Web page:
Once you have seen the real thing, though...What the real thing look liked became terribly apparent at the end of World War II and so the shape of the V-2 became the emblematic shape of the spaceship. The classic finned needle nose design, with it's smooth shape, and near windowless aspect became the standard to which many ships were designed. Looking at covers of pulp fictions and the ships of such films as "When World's Collide", "Destination Moon", and "Abbot and Costello Go to Mars", the German rocket's lineage is clearly visible.
Spaceships in the Space AgeCuriously, the V-2's designer got the opportunity to put in print what people carrying orbital ships would probably be like in a series of Collier magazine articles. As a result ships are more frequently designed with stages, or fuel tanks, and more spindly for operation in the vacuum of space as Von Braun and others designed them for the magazine and subsequent Disney documentaries.
While not often seen in films of the time there are a couple of notable exceptions: "The Conquest of Space" (1955) which was heavily influenced by the Collier designs and the Russian movie "The Road to the Stars" (1958). Ships with visible fuel tanks and girder work instead begin to appear more frequently in SF artwork around this time along with speculative non-fiction works.
Artists also appear to be inherently more aware with what space hardware might really looks like. Perhaps as a result of wartime experience or actual interest in current aerospace, illustrators and designers start to incorporate typical details that are visible on military equipment such as stenciling and warning decals. They also start to weather the models to reflect usage and exposure to the elements (curiously absent earlier on these models in spite of the fact that it was an age old technique used with more traditional subjects such as railroad cars and ships). One of the first studios that excelled at this type of design were the model makers who worked on Gerry Anderson's popular puppet sci-fi shows under the direction of Derek Meddings.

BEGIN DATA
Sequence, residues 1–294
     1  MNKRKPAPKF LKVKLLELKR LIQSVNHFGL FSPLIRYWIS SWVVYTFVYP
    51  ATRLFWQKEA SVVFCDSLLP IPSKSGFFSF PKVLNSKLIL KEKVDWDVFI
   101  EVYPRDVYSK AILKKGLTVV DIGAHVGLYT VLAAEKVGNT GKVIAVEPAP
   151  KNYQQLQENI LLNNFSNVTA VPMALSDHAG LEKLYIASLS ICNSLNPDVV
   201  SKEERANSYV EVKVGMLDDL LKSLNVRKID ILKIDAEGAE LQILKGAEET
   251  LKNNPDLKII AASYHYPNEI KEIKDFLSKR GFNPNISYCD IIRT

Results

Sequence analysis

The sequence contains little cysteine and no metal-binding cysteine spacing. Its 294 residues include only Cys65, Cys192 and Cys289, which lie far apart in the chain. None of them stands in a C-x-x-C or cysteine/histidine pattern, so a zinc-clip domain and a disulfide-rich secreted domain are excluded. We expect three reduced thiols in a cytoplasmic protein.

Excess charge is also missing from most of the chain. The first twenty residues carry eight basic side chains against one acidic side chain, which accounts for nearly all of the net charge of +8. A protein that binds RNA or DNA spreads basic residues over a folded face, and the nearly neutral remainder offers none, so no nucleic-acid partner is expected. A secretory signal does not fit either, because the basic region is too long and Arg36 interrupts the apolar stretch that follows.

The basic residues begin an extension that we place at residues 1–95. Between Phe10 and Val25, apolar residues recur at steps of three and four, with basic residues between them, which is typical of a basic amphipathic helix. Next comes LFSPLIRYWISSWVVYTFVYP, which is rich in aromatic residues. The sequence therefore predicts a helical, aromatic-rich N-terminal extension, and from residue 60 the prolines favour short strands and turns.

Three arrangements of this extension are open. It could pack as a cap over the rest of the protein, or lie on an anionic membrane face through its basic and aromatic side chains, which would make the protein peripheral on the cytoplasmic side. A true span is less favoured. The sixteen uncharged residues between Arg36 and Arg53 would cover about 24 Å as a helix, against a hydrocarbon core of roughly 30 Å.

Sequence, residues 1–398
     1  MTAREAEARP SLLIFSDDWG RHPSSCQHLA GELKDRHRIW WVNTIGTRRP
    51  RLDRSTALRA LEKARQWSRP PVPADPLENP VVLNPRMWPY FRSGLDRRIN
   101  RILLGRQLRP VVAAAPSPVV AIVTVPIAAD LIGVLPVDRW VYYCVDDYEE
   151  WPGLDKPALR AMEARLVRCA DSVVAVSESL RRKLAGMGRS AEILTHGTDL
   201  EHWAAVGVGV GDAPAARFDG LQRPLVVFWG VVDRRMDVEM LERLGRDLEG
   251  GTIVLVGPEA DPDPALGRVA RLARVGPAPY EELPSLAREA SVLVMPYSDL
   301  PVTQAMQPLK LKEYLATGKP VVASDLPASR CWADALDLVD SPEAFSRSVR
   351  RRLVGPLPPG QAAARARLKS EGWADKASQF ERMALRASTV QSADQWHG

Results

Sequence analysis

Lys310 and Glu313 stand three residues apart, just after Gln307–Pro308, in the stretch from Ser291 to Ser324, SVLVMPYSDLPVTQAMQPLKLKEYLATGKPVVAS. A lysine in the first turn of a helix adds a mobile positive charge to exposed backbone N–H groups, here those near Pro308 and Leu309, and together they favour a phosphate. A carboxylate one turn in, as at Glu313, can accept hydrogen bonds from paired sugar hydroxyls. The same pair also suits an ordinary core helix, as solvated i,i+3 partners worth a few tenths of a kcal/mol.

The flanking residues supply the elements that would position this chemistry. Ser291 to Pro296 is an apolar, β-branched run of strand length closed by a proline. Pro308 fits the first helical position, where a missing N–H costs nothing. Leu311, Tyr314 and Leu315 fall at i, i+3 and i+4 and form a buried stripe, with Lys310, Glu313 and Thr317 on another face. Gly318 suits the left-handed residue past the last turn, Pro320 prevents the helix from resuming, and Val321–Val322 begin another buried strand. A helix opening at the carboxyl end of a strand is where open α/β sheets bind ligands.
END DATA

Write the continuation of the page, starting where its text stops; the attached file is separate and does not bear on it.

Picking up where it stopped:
The greater familiarity with real space going hardware also started to influence the look of some designs. An interesting similarity exists between the Lost in Space "pod" and the Apollo LM. This is particularly striking given the rather spare design of LIS's hero ship itself - the Jupiter II saucer.
Filming the FutureOf course the truly "wow" event for science fiction film was the release of 2001:a space odyssey. In this case the design was made based on then current engineering proposals (all of this is wonderfully documented in Piers Bizony's Filming the Future, see refs). The designs also incorporated many elements that had been used in film models for years: large scale models, weathering, subtle paint variations, and lots and lots of details even if they would not be clearly seen on screen. All of these things would work to create the illusion of size and functionality.